Ministry of Justice: Modernising Lasting Powers of Attorney

Older woman using a computer at home
Ministry of Justice / Office of the Public Guardian
19 Oct 2022

The Ministry of Justice (MOJ) and the Office of the Public Guardian (OPG) are seeking to modernise the process of making and registering a Lasting Power of Attorney (LPA) – in particular, by enabling applicants to complete as much of the process online as possible.

A lasting power of attorney is a legal document that lets you (the ‘donor’) appoint one or more people (known as ‘attorneys’) to help you make decisions or to make decisions on your behalf. This gives you more control over what happens to you if you have an accident or an illness and cannot make your own decisions (you ‘lack mental capacity’).

As part of this work, RiDC was asked by the MOJ and OPG to explore whether people with specific access needs might experience difficulties or have concerns if they were to complete the LPA process online. The findings were presented in a research report which included recommendations to help make the LPA process (both online and offline) as intuitive and user-friendly as possible for disabled and older applicants.

The research explored the common issues people with specific access needs experience when proving their identity, signing documents, keeping safe online and engaging with the LPA process and document. It also explored the people and organisations disabled and older people would turn to for support and what guidance they would need if they were to make an LPA.

A recurring theme that emerged in the research was the wish to be self-reliant when verifying one’s identity.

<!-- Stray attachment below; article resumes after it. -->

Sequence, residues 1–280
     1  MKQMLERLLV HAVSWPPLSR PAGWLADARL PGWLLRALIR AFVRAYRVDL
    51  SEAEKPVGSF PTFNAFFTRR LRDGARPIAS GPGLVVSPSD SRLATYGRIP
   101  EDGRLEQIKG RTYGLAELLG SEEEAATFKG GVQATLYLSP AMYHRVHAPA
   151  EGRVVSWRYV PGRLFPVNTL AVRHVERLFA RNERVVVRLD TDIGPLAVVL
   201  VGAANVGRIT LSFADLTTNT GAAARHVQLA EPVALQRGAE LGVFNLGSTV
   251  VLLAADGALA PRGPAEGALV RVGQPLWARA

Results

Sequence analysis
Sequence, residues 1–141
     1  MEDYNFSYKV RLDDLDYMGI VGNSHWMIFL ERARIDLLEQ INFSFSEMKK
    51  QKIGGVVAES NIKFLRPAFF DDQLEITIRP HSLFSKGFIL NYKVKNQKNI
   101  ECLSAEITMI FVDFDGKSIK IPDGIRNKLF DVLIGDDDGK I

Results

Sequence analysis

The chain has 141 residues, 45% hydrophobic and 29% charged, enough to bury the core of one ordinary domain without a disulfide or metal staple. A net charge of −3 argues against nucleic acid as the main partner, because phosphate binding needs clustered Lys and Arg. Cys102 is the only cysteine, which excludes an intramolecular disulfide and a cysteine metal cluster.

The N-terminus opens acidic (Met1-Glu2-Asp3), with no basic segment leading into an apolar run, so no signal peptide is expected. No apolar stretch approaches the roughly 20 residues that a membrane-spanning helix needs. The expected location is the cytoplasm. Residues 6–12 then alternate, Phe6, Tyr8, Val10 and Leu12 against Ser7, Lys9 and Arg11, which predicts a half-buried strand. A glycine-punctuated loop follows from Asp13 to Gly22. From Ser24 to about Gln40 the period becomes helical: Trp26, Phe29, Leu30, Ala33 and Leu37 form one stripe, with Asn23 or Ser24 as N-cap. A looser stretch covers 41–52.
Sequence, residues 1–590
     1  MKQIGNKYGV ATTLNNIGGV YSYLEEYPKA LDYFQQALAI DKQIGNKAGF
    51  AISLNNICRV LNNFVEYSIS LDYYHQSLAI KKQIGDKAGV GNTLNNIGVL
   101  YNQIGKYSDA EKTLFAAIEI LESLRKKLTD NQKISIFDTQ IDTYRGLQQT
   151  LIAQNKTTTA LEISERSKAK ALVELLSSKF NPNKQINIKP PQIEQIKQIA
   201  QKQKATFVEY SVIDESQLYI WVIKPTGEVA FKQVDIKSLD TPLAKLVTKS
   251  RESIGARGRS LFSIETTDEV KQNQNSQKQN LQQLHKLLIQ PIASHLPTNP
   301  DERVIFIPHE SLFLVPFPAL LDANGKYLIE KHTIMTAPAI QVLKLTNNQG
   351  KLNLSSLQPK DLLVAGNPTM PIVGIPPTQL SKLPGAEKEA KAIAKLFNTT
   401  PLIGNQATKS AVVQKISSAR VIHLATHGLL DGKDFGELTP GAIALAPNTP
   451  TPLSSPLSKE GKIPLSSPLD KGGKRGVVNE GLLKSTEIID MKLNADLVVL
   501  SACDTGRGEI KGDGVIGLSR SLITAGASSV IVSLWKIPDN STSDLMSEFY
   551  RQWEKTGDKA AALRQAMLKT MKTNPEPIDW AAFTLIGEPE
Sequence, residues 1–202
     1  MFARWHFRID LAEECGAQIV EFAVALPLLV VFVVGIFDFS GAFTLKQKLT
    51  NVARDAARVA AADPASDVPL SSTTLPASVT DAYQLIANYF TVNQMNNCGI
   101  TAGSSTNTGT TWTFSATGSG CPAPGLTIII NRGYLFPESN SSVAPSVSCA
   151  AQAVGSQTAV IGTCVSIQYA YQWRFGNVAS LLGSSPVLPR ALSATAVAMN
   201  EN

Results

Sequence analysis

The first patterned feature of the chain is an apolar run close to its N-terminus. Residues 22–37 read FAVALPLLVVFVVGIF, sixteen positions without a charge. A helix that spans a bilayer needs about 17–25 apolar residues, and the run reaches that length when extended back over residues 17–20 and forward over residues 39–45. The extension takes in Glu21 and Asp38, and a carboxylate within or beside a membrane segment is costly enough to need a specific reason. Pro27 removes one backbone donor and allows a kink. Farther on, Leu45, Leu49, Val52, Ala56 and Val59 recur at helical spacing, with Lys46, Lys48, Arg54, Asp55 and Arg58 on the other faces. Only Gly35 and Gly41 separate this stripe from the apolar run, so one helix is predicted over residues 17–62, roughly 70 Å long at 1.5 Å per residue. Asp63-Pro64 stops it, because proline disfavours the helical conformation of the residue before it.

“I want to vouch for my identity myself, I appreciate it makes it a lot more difficult because of my disability but I want to be able to do everything myself and online - as it’s easier than having to get someone to drive me somewhere to do it.”

- A panel member with dexterity and mobility impairment

Simon Manby Senior Product Manager for MOJ UK, said:

“Our team has taken the research that was done by the RiDC and included it into the work we’ve been doing for the past two years. Sharing your experiences with us has helped us design a more inclusive prototype and we are pleased to say others think so too! In May we passed our internal government assessment and our work with RiDC was called out and praised. Passing this milestone means that we are now moving into the next phase, Beta, and are able to continue this important work of making the LPA even more inclusive and accessible to all.”

Key findings from the research

Verifying identity

● Over half of respondents would prefer to verify their identity online using an identity document (like a passport or driving licence) rather than signing into a separate online account. However, not having the necessary documents (eg due to expiration or the inability to afford them) was a huge concern with many urging acceptance of alternative documents (e.g. Blue Badges, birth or marriage certificates, transport passes etc.).

“I wouldn’t trust signing into my bank account (using Open Banking to verify my identity), my utility and council tax bill are not in my name. I don’t have a passport…I know very few disabled people who have or can afford one or get a driving license…the council issue me a bus pass – that’s in date and has my picture on it.”

- Panel member with dexterity, mobility, visual and cognitive impairments.

Keeping safe online

● Participants felt the least confident providing personal information online due to the prevalence of scams, and most confident using online banking due to the high security measures in place.